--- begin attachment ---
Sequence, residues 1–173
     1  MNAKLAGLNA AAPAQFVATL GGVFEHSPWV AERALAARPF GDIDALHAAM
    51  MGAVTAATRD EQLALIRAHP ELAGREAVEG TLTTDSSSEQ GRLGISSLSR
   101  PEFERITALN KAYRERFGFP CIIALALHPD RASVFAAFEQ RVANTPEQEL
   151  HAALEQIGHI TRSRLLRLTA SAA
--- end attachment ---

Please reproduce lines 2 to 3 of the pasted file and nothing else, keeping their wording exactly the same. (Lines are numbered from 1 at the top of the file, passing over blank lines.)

     1  MNAKLAGLNA AAPAQFVATL GGVFEHSPWV AERALAARPF GDIDALHAAM
    51  MGAVTAATRD EQLALIRAHP ELAGREAVEG TLTTDSSSEQ GRLGISSLSR